Alissa is incapable of enduring any physical contact with Jerome, and yet when, three years after their last meeting, Jerome is by chance again at Le Havre and has indulged his nostalgia sufficiently to go to the country house where Alissa lives and where he had so often stayed, he finds that she knew he was coming; for three days she had been coming down to the garden gate to meet him. This was the gate that together they had previously used, but the gate was also the symbolic barrier between them, the multiva-lent gate of the title. The reader is expected to pick up the almost exquisitely subtle inadequacy of the reasons for exaggerated shame and self-deceiving selflessness that make Alissa unwilling to marry Jerome and drive her to neglect her mind, her aesthetic pleasures, her taste, her music, her appearance, and finally her health, so as to protect some analogue within her of emotional anorexia.
Gide leaves Alissa's incapacity for shared intimacy ambiguous almost to the end, when Jerome reproduces the diary extracts. Indeed, Alissa's spiritual power remains such that the ambiguity extends beyond her death. One of the reasons she had alleged for not marrying Jerome was that her sister, Juliette, loved him. Juliette's daughter is called Alissa and looks like Juliette's sister. It is a family resemblance with her mother's sister no doubt, but Gide delights in leaving the reader to wonder. The infant also looks like the woman loved by the man her mother really loved, not her husband, the father.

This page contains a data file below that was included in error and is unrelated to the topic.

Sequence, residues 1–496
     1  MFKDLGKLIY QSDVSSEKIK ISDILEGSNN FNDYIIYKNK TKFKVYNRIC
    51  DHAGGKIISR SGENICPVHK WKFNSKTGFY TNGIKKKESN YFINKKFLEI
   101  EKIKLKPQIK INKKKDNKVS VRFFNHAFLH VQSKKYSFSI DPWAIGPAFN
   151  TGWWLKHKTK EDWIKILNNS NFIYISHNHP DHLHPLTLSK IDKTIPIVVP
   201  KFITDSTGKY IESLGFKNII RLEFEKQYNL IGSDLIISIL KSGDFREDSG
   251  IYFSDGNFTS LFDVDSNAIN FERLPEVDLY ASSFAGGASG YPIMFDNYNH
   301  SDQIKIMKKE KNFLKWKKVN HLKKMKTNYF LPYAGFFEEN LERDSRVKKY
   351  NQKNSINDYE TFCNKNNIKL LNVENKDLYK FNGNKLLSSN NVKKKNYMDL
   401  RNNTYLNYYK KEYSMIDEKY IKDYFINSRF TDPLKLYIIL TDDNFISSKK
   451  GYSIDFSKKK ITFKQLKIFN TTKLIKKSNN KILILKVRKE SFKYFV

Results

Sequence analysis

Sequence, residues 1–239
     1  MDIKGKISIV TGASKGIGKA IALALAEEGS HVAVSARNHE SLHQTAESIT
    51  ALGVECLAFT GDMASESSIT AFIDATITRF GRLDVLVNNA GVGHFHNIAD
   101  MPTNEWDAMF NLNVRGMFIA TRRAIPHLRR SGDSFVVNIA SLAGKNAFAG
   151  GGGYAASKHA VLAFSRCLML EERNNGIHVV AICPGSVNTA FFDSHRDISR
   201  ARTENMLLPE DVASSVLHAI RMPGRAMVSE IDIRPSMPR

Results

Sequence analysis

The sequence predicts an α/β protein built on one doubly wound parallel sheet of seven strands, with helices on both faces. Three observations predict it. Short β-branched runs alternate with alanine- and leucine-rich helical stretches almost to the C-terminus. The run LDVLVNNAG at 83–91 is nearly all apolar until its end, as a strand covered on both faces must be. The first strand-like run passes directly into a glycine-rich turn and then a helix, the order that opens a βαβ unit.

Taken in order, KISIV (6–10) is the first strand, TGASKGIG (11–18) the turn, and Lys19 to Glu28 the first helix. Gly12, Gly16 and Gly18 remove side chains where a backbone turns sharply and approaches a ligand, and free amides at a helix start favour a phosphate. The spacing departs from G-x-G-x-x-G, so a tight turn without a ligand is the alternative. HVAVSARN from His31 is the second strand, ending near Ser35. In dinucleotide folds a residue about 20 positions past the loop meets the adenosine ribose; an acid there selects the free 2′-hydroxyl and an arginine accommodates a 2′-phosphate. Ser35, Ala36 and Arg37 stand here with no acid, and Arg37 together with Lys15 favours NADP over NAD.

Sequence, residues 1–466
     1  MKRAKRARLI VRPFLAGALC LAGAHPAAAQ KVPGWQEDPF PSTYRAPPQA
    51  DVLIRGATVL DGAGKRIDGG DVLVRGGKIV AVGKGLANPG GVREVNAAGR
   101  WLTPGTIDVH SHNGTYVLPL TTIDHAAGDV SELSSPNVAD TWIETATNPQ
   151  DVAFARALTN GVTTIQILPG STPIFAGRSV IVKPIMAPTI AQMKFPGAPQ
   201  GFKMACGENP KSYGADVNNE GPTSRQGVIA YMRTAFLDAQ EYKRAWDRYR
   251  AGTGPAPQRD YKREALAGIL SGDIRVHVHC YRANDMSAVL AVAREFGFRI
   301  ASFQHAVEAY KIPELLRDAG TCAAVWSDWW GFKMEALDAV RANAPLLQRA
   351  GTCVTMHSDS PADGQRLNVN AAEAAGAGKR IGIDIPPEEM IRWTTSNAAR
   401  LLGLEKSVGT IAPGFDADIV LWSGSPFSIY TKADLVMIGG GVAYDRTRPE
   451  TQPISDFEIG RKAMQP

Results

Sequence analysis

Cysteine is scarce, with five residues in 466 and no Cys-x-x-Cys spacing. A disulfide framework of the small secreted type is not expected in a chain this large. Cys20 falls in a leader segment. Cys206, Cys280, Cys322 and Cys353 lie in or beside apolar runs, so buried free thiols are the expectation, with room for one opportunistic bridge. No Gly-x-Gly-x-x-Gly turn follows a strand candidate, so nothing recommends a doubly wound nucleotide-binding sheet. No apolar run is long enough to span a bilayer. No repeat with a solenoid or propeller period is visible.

Gide's characters are sufficiently sheltered from economic problems for the fiction to concentrate on their spiritual anguishes. Strait Is the Gate is set against a background of a large French family in which uncles and aunts take turns holding reunions on great estates during the holidays. Gide rightly thought in 1910 that it was the best piece he had yet written, although he was taken aback at the way his Catholic friends wrongly welcomed the book as a sign of imminent conversion.